‘Mystery Shoppers’ At North Kensington Library

mysteryAccording to the propaganda put out by RBKC one of the reasons for leasing the much loved North Kensington Library building to Notting Hill Prep School is the alleged difficulty of access for the disabled, older people and mothers with young children. According to the Council website;

“North Kensington Library is spread over three floors making it difficult for those with mobility issues and young children to navigate. Added to this the building is poorly insulated, expensive to heat and is also listed, which makes it hard to renovate to meet modern library requirements.”

Council Leader ‘Nasty Nick’ Paget-Brown recently added his own personal comment on his distasteful Leader’s blog where he states that the library;

“…was built at a time when architects simply did not consider the needs of the disabled, the elderly or parents with prams.  Spread over three floors it is not nearly accessible enough.”

Unfortunately for RBKC the Grenfell Action Group has recently acquired a copy of a Council report which appears to have been the only form of consultation conducted in relation to their decision to lease this iconic building to the private sector. This was a ‘mystery shopper’ exercise, the results of which were published in January this year. The report was authored by Gary Wilson, a ‘Consultation and Research Officer’ employed by the Council. The ‘mystery shopper’ exercise measured and compared user satisfaction at both North Kensington Library and Chelsea Library. The report can be downloaded here.

Contrary to the Council propaganda quoted above the ‘mystery shopper’ report did not find accessibility problems at North Kensington Library. On the contrary it revealed that North Kensington scored more highly than Chelsea Library on almost all of the indicators studied, including and particularly on those relating to accessibility for the disabled, older people and others with mobility issues. Given these facts one would have to question why the Council continues to allege poor accesss to North Kensington as a pretext and partial justification for the relocation of the library service from this building when their own research suggests that their attentions might be better targetted at Chelsea Library, which clearly does have serious access problems that the Council does not appear to have any intention of addressing in any practical way, let alone by closing or relocating that library.

One has to wonder also why the Council chose a ‘mystery shopper’ exercise to gauge the performance of the North Kensington Library rather than conducting a public consultation of local residents and other registered library users. The latter would have satisfied the statutory requirement to consult associated with the necessary planning application for internal and external works to the library building. This will have to happen in any case. However, it appears that the Council has already decided the future of this building, regardless of the outcome of any consultation, whether this be the statutory consultation they will be legally obliged to conduct or the token ‘mystery shopper’ exercise they have already conducted. It is noteworthy also that they didn’t even bother to consult the locally based ‘Action Disability Kensington and Chelsea’ (ADKC) who would probably have been more than happy to help them evaluate any accessibility issues at both libraries from the perspective of disabled users.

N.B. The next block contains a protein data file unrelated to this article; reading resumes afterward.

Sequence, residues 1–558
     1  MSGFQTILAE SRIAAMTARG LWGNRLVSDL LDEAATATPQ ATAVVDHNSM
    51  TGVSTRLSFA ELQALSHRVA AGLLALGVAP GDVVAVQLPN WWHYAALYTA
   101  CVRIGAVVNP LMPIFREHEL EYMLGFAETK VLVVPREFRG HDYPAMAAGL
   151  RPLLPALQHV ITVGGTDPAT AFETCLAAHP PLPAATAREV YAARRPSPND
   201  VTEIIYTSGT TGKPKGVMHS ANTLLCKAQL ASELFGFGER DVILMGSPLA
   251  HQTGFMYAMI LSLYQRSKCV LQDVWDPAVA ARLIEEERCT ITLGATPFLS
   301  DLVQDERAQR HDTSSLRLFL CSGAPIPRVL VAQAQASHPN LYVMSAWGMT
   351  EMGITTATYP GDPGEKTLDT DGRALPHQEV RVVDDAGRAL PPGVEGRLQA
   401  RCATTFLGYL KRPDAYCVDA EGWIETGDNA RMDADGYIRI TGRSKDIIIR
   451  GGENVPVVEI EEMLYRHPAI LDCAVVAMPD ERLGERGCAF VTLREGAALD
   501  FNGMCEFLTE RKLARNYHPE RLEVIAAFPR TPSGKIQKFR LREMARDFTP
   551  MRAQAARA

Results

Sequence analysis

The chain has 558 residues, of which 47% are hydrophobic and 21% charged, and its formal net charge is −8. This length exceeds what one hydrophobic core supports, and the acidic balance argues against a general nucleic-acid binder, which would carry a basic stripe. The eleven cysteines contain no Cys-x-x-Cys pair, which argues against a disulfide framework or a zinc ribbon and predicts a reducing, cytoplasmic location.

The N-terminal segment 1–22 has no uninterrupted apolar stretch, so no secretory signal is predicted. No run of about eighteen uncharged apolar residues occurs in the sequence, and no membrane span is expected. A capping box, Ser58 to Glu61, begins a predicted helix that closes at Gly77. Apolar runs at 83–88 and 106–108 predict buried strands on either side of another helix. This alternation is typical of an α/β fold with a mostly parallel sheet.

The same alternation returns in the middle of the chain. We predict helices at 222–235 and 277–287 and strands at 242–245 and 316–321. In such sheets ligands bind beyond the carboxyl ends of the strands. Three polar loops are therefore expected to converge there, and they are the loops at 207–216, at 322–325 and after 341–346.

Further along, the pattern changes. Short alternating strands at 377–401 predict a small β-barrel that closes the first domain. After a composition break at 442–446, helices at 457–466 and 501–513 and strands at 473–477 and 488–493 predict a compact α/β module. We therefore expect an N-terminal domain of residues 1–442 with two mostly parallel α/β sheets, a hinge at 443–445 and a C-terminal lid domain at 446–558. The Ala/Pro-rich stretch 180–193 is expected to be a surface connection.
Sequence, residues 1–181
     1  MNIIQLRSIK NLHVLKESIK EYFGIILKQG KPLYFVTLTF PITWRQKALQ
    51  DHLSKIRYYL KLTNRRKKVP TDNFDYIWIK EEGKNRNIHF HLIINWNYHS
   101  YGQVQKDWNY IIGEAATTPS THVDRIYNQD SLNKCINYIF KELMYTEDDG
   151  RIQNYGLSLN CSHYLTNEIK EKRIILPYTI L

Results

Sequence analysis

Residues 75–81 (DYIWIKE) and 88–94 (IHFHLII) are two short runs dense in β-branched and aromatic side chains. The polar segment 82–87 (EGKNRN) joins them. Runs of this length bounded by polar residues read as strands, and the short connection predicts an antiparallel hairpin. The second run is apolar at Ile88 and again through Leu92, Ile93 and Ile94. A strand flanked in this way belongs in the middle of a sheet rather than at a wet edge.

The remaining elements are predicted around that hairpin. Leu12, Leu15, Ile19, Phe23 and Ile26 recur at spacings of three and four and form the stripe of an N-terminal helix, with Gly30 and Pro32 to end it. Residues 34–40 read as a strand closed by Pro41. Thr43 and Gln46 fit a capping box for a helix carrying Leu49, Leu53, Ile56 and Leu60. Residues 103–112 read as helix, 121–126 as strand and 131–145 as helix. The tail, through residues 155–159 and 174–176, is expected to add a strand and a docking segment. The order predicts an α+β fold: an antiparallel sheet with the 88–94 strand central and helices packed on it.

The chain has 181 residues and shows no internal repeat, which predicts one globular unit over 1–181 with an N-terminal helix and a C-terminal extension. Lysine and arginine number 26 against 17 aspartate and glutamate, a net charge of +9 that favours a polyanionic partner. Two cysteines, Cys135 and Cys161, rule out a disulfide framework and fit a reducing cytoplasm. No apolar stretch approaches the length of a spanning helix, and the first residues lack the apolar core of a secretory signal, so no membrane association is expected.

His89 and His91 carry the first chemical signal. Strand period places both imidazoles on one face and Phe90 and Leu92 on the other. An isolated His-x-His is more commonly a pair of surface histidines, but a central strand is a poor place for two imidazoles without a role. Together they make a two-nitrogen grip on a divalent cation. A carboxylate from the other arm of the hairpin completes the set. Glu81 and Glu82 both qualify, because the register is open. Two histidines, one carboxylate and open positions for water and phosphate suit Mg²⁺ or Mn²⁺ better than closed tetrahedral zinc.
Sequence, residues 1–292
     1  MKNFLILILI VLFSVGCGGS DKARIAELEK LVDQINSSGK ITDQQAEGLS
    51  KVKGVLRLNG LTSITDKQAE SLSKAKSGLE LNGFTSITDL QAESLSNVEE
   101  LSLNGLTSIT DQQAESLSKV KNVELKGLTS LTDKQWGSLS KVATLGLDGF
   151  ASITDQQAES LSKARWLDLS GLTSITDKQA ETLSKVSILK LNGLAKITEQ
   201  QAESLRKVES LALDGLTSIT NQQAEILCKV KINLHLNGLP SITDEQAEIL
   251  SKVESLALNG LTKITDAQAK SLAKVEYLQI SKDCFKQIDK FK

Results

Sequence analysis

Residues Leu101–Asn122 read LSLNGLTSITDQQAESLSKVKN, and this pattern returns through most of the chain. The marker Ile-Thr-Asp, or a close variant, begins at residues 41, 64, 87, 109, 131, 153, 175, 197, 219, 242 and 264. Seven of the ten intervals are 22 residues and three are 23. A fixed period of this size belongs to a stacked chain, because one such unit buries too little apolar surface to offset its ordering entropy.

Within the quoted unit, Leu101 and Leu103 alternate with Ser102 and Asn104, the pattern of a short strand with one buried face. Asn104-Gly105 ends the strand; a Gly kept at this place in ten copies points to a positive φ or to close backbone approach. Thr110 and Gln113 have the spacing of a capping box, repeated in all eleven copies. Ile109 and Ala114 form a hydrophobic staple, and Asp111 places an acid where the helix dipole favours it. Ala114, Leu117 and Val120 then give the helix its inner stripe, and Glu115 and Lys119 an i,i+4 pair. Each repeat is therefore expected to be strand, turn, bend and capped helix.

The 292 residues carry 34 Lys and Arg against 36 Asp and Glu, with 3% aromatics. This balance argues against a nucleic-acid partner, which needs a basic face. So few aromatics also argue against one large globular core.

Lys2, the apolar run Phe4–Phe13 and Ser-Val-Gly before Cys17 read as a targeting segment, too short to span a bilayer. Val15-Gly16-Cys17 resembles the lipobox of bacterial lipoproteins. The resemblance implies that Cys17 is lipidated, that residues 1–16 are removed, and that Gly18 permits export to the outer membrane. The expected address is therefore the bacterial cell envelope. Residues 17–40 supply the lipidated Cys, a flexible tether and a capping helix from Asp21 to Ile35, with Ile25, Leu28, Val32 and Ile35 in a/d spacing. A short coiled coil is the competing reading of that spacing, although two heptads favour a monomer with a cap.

The claim that the Grade II listed library building’s design makes it too difficult to upgrade in order to deliver a modern and fully accessible library service has been used by the Council in all the propaganda they have produced in reference to its future. However, we find it more interesting to note that Notting Hill Prep clearly don’t consider it too difficult to upgrade for use as school premises, and the Council is more than happy, it seems, to subsidise the NHP upgrade with a generous rebate of a full years rent – estimated in documents provided by RBKC at £365,000.

This is quite apart from the glaring conflict of interest involving the Cabinet Member for Housing Property and Regeneration, Rock Feilding-Mellen, who presided over the deal and whose children are on the waiting list for this school. We can only conclude that this whole affair stinks of double standards favouring the private Notting Hill Prep School above, and to the detriment of, the general public and the public interest in retaining this iconic building for public use.

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